Shutters Unshuttered

I'm a technology coordinator.

More ICE Conference Links

Filed under: FacMtgs,ICE2014 — Lord Shutters at 3:01 pm on Friday, March 7, 2014

You can find all the materials presenters have shared at the ICE wiki. Presentations are organized by which day they took place, so if you did not attend the conference, it may be difficult to navigate this site. I suggest using the search box in the upper right part of the screen. Search for a topic you are interested in. A search for “iPad,” for example, turns up 25 results. Another option is to browse through each day’s offerings.

All of the ICE Conference keynote and spotlight presentations were recorded, and are posted on ICE’s YouTube channel. You really, really, really should watch the keynotes. Especially Friday’s, by George Couros (skip ahead to 35:00 for the start of the keynote).

During the conference, any time I heard of a cool resource, I bookmarked it with Diigo and tagged it with “ice14″ – you can find all the sites I tagged here.

I can’t stress enough how much Twitter has helped me improve my personal learning network. Without even attending the ICE Conference, you can see what people are tweeting about it by following the hashtag, #ICE14. I encourage any and every teacher to get on Twitter, and to check out what people are sharing there. You can follow me @shnology!

Graphite

Filed under: FacMtgs — Lord Shutters at 12:22 pm on Friday, March 7, 2014

I have been sharing Graphite with my colleagues at faculty meetings lately. We recently obtained several iPads to use in our Lower and Middle Schools. Graphite is a great tool for finding apps, games, and websites relevant to your lessons. It is written by teachers and for teachers. Here is a little more info from Graphite’s About Us page:

Graphite™ is a free service from nonprofit Common Sense Media designed to help preK-12 educators discover, use, and share the best apps, games, websites, and digital curricula for their students by providing unbiased, rigorous ratings and practical insights from our active community of teachers.

Be sure to look at the field notes that teachers have written about any given tool. Those often have practical ways to use the tool in the classroom. Graphite is totally free, and no sign-in is required. If you do create an account, you can help out other teachers by writing your own field notes!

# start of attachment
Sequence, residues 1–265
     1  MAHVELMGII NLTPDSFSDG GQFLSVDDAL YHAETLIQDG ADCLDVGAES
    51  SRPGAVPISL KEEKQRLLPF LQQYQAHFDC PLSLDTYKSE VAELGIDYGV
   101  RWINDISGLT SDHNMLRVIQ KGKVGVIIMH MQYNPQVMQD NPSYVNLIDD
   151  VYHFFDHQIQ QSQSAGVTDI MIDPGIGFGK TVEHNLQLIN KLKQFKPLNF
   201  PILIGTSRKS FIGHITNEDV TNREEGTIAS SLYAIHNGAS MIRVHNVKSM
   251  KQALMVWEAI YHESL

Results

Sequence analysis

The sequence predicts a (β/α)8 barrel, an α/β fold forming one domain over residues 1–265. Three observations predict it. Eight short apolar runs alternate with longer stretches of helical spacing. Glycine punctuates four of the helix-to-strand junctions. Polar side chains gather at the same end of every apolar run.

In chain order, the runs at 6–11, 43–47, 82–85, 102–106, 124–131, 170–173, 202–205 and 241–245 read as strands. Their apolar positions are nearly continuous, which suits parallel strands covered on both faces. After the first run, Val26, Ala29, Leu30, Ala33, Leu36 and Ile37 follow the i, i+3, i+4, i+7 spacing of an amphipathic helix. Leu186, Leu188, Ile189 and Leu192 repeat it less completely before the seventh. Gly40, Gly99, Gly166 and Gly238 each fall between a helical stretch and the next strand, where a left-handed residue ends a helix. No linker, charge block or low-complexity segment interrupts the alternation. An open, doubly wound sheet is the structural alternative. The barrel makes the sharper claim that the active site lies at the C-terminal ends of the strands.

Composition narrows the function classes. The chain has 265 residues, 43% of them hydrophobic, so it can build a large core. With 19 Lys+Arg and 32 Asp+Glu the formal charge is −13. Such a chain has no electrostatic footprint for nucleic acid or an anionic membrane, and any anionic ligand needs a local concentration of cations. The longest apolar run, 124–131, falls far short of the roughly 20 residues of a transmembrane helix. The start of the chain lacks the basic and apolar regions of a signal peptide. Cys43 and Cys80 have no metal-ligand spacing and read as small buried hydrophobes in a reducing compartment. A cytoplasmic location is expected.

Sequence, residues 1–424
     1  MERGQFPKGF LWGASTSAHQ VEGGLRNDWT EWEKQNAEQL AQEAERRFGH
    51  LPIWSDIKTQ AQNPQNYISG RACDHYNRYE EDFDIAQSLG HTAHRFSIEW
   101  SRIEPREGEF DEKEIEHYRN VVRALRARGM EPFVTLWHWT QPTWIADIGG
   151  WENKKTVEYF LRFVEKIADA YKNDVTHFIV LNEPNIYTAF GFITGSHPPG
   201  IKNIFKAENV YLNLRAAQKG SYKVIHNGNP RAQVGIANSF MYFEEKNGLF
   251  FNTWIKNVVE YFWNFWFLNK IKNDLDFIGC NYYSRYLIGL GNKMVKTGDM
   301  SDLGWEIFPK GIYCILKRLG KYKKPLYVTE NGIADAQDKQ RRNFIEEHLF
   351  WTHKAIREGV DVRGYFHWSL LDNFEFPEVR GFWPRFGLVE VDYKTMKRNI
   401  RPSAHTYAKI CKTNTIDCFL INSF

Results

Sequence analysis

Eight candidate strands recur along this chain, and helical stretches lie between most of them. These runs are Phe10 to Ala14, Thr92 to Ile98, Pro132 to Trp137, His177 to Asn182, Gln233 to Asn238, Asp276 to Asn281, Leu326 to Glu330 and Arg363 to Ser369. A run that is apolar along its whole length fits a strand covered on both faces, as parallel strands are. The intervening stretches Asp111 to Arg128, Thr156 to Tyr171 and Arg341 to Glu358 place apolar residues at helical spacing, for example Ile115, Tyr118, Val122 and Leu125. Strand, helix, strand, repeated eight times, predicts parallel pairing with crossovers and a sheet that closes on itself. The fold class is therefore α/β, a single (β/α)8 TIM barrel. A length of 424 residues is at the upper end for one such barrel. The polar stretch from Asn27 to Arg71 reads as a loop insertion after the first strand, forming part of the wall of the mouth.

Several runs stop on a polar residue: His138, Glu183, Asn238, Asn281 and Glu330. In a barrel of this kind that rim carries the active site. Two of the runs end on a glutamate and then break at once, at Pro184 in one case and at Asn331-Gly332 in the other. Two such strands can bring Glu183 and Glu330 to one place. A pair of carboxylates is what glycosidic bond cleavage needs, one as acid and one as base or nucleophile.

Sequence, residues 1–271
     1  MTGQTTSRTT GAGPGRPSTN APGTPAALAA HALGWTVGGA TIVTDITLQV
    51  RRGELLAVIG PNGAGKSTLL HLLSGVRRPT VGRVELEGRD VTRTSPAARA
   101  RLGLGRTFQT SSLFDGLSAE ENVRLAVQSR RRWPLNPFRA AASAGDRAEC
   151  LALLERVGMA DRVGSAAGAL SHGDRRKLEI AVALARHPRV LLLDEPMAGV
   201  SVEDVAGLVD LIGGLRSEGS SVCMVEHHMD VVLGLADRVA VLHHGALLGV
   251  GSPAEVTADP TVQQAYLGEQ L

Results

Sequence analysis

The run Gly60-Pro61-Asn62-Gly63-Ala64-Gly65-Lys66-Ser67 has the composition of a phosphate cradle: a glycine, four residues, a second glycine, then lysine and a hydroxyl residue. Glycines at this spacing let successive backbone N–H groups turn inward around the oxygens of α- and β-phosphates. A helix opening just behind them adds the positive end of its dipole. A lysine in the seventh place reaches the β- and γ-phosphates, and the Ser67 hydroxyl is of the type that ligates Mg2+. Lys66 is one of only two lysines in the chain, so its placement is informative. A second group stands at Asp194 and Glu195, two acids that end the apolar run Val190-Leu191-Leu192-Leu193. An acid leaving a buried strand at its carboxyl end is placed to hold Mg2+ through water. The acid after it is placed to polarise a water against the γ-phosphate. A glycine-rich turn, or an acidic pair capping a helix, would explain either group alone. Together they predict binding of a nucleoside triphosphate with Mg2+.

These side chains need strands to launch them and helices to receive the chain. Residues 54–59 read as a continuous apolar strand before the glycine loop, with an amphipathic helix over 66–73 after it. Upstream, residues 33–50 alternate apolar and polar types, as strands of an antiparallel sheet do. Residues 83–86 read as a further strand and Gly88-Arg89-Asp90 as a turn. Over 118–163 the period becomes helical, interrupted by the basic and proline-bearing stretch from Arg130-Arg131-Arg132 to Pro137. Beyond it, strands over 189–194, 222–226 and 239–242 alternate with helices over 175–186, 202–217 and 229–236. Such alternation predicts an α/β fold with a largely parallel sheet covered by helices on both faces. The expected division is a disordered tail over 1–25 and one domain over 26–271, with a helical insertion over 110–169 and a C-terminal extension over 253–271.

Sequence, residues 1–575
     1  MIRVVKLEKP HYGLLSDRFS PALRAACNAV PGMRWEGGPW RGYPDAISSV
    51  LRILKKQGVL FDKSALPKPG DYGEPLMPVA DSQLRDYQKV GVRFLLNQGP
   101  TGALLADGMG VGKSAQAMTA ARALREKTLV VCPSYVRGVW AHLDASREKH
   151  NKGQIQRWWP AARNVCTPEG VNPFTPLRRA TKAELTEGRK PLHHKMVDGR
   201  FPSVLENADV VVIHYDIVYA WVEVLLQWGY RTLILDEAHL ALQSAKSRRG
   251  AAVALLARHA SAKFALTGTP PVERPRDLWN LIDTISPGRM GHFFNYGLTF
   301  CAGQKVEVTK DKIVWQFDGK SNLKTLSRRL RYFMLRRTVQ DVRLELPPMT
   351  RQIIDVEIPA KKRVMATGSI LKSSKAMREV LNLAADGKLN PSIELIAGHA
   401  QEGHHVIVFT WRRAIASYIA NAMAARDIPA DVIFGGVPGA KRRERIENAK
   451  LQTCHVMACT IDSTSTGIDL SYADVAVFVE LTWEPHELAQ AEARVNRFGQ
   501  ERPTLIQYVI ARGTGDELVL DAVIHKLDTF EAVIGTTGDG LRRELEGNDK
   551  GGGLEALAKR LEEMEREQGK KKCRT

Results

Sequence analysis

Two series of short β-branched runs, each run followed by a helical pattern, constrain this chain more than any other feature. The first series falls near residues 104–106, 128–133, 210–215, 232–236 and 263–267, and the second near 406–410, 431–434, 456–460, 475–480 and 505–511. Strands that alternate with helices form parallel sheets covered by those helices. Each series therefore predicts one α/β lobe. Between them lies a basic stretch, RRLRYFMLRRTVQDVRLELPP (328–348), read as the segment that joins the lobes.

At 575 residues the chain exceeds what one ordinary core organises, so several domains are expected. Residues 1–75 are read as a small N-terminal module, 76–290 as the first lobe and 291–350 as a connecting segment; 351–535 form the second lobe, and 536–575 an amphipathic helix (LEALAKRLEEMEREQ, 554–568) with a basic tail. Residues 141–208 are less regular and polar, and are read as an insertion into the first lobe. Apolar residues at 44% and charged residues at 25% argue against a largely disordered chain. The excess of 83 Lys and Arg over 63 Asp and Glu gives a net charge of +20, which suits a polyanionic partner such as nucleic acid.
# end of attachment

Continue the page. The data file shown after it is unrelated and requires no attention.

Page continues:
UPDATE: I just found out about another really cool feature of Graphite: app flows! An app flow is customizable lesson framework that lets you integrate digital tools throughout a lesson. A typical app flow contains a hook, direct instruction, guided practice, independent practice, and wrap up. A digital tool (such as an app or website) is suggested for each piece of the flow. I think this is a great way to find ways to use apps and other digital tools in actual lessons. Teachers can create their own app flows too.

app flow graphic from Graphite

Graphite is a part of Common Sense Media, another fantastic resource. Common Sense seeks to provide trustworthy information and tools for parents and educators about all types of media – everything from movie and game reviews to a cyber-safety curriculum. Check it out!

Free Self-Paced Google Courses

Filed under: FacMtgs,Google,ICE2014 — Lord Shutters at 11:53 am on Friday, March 7, 2014

Courses for Educators

I found out about these free Google in Education courses at the ICE Conference this year. They are online and self-paced, so you can work through them whenever you like, and take as long as you need on each lesson.

Course topics are very relevant to what our students and teachers need to know right now. They include:

I encourage you to take a look and consider learning from one of these courses. Maybe this is a good summer learning opportunity for you?

How long each course will take of course depends on the user. Each course has about 5 units. Each unit includes 3-6 lessons and quizzes. My guess is that each lesson would take about 5 minutes to complete. This equates to each course taking 2-3 hours. But remember, these are self-paced courses, and you can take as little or as much time as you need for each lesson.